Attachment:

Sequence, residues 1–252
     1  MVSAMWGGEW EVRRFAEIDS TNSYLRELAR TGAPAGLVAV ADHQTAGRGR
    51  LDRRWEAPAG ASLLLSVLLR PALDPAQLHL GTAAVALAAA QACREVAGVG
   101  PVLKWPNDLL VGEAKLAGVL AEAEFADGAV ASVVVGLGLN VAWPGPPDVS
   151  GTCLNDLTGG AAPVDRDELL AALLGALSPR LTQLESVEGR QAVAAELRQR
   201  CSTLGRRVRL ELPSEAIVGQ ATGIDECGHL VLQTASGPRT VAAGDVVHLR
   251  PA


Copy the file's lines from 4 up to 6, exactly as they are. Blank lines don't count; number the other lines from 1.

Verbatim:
   101  PVLKWPNDLL VGEAKLAGVL AEAEFADGAV ASVVVGLGLN VAWPGPPDVS
   151  GTCLNDLTGG AAPVDRDELL AALLGALSPR LTQLESVEGR QAVAAELRQR
   201  CSTLGRRVRL ELPSEAIVGQ ATGIDECGHL VLQTASGPRT VAAGDVVHLR